This is a research seminar, in the sense that in addition to discuss theoretical and critical issues, we are going to produce knowledge from the vantage point of the primary sources. Our main question, therefore, is –what are the questions and concepts with which our primary sources respond to the political, social, and cultural exigences of the construction of global heroism. The word “hero” in Greek “hérōs”, means “protector”, and it is etymologically related to the Latin verb “seruare”, “to preserve, to protect.” It has the same etymology as “service”, “to serve”, and “serf”. Heroism is, in this sense, not only a key element of political and social service, it is, as well, a civil and political duty. This is the kind of analysis that we will be leading, and the kind of genealogy of global political duties that we will be pursuing. In this sense, we will necessarily consider how the concept of global heroism allows us, as well, to understand the genealogies of some contemporary political conversations regarding what is heroic in everyday life in a global society of systemic violence –including the issues on infrapolitics and “subaltern heroes”. We will address the question of global heroism from the perspective of Iberian studies –and we will contribute to a redefinition of Iberian studies. The main thesis regarding Iberian studies is that “Iberian” cannot be considered a geographical region, and that the Iberian is, in fact, a challenge to such conception. This is why we are playing with the very name, and talking about the “peri-Iberian”, which playfully evokes not only the peripheral, but also the movements that, even if have the Iberian worlds as a geopolitical gravitational force, describe different dynamics concentric to this problematic, multilingual, multi-political, multi-religious, gravitational center. One possible definition for the “peri-Iberian”, or even for “Periberia” is “A certain way of circum-circulation and networking, extremely dynamic, and that constantly blurs the dialectics of center/periphery, colonies/metropolis, and others (even “frontiers” or “borderlands”) and that is permanently in need of inventing composite languages. Periberia is constantly defining subgeographies.” Periberian cultures occur, thus, in the Mediterranean, in Northern Africa, in Greece, in the Middle East, in the Indian Ocean, in China, in the Americas, in the Pacific, etc. For this reason, our primary sources include texts in Spanish, Latin, Portuguese, Catalan, Greek, Arabic, French, Occitan.
Middle Eastern, South Asian, and African Studies:
MDES W4764, Modern and Medieval Islamic Political Thought, R 11:00am-12:50pm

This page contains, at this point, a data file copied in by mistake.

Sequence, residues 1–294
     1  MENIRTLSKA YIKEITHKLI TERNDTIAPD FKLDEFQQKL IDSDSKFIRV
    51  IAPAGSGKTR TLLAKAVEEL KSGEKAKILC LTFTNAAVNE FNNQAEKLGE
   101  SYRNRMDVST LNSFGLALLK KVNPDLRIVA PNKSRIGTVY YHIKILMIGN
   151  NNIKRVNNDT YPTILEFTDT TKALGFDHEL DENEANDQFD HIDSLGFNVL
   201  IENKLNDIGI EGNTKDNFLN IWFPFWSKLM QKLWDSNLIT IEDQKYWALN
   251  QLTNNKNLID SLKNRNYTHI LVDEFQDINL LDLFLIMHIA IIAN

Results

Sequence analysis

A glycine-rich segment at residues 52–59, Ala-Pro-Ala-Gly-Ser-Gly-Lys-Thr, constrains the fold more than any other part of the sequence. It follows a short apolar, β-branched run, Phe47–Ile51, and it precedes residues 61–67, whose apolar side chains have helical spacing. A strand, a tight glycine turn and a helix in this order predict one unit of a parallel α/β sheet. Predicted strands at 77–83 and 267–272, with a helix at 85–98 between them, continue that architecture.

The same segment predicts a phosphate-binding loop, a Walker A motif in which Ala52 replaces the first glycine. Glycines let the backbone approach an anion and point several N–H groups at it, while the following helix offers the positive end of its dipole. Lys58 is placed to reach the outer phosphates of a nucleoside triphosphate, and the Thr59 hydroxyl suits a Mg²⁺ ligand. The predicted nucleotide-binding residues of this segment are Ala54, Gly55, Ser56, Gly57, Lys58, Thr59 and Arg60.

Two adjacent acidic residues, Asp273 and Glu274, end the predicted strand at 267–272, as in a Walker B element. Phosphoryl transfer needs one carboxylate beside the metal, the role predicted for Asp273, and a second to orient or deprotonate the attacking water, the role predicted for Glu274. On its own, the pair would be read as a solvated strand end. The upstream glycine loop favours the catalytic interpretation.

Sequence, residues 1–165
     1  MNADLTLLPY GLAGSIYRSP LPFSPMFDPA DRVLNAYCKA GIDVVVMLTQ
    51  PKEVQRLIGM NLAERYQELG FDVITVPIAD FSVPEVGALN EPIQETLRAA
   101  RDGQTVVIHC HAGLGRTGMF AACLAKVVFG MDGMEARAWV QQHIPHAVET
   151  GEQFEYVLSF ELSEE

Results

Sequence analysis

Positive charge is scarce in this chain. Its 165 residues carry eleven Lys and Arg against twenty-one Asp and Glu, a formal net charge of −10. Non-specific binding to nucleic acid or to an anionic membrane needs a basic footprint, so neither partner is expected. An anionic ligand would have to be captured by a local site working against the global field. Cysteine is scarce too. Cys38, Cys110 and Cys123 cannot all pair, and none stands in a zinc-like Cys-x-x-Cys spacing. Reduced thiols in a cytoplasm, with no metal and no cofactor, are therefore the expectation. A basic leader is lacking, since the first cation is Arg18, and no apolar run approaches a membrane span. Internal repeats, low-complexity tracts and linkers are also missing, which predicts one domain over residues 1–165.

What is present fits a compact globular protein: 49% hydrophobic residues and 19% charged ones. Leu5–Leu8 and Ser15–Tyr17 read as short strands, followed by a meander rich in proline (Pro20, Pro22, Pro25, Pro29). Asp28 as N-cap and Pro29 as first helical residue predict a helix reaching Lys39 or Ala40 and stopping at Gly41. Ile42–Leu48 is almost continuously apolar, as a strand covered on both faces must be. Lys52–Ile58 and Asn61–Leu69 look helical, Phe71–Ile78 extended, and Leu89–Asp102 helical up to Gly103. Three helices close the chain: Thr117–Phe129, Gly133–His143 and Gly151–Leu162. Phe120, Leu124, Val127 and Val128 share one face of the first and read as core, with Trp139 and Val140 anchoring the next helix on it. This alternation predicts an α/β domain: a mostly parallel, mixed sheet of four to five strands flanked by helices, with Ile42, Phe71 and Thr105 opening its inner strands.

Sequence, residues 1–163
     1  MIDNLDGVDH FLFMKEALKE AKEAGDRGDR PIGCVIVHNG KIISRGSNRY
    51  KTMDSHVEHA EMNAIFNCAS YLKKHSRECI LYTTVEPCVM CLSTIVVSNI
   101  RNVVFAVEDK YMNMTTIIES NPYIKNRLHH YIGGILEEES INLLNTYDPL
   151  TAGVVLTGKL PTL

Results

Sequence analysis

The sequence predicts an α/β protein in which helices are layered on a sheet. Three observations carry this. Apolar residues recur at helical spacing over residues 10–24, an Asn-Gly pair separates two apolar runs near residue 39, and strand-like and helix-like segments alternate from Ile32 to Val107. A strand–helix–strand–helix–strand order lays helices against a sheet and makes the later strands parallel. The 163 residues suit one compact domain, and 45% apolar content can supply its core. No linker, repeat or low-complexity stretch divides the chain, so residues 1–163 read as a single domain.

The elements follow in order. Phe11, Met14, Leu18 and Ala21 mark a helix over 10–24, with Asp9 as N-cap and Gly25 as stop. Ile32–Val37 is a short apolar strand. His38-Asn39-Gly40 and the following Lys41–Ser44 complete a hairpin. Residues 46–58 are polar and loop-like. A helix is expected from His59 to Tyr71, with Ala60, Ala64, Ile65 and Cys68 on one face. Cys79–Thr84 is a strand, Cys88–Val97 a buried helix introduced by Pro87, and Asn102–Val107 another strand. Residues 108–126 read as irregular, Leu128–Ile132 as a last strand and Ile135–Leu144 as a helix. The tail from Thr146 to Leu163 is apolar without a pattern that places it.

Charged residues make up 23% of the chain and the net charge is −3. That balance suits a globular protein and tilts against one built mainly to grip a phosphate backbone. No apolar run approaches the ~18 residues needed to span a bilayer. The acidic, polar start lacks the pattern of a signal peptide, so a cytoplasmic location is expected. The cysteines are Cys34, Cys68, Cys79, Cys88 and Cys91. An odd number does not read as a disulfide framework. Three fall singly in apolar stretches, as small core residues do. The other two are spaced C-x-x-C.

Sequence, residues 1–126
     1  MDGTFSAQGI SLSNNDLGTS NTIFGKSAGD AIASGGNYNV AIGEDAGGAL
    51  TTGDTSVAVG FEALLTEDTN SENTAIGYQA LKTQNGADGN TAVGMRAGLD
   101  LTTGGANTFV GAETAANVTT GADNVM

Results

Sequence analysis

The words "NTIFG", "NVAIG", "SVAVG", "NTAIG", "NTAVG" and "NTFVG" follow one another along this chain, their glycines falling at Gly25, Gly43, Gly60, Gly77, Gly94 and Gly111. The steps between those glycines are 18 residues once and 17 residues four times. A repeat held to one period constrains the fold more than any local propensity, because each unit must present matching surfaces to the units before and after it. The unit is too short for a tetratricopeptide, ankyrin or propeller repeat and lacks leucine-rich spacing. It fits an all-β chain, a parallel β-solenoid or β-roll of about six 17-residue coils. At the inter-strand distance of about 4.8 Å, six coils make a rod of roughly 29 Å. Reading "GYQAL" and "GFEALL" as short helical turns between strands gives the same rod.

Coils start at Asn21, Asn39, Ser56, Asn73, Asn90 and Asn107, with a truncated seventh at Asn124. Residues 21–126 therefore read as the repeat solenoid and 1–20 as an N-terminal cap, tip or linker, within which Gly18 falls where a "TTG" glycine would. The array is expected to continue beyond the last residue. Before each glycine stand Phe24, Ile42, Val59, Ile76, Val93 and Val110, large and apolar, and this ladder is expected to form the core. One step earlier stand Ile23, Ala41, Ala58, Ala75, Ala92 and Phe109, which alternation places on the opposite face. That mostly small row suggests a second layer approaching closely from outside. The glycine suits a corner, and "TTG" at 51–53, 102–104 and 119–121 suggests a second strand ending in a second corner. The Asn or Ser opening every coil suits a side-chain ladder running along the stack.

Instructor: Hamid Dabashi Points: 4 SEMINAR
PHIL G9670, Topics in Early Modern Philosophy, M 4:10pm-6:00pm
Instructor: Christia Mercer Points: 3 SEMINAR
Radical Rationalism: The philosophy of Anne Conway
POLS W4133, Political Thought, Classical and Medieval, TR 4:10-5:25
Instructor: Jennifer London Points: 4 LECTURE
In this course, we will read classical and medieval writings that span multiple linguistic, historic and religious contexts. The goal is to explore similar notions of the just world that span these varied writings, from Plato’s Republic to Zoroastrian and Early Islamic writings on just rule. Such similarities will highlight how some of these works represent cultural amalgams that blend Greek, Persian and Arabic elements. Yet, we will also consider how these writings differ and how their authors constructed them to respond to their unique political concerns. Throughout this course, we will consider how authors drew upon their foreign status, as aliens, outsiders, or clients to conquering tribes, to transform politics. And we will ask why these authors invoke and re-imagine particular models of the just world to represent their ideal notions of sovereignty, equity and justice. In the end, we will question how the foreign roots of ancient and medieval thought can help us fathom the basic underpinnings of founding documents today.
RELI G4170, History of Christianity: World of the First Crusade, M 4:10pm-6:00pm
Instructor: Robert Somerville Points: 4 SEMINAR
Prerequisites: Instructor’s permission. Latin Christendom, 1050-1130, as general background for the First Crusade, 1095-1099. Readings in both primary and secondary sources in English translation.
RELI G8103, Seminar in Law/Medieval Christianity F, 2:10-4:00
Instructor: Robert Somerville Points: 3 SEMINAR
Prerequisites: Instructor’s permission. Gratian’s Decretum and the Decretals of Pope Gregory IX: Parts 1 & 2 of the Corpus Iuris Canonici.
RELI G9400, Readings in Japanese Religion, M 2:10-4pm
Instructor: Michael Como Points: 4 SEMINAR
Prerequisites: Reading knowledge of Japanese or Chinese This course is designed for advanced graduate students in need of introduction to non-Buddhist as well as Buddhist sources for the study of pre-modern Japanese religion. The course may be repeated for credit. The following represents a sample syllabus centering upon the themes of astrology and divination in early Japanese religion.